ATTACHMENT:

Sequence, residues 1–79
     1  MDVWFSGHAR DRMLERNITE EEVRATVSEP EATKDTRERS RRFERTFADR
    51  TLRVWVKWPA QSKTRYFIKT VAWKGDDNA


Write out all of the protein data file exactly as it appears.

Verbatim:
Sequence, residues 1–79
     1  MDVWFSGHAR DRMLERNITE EEVRATVSEP EATKDTRERS RRFERTFADR
    51  TLRVWVKWPA QSKTRYFIKT VAWKGDDNA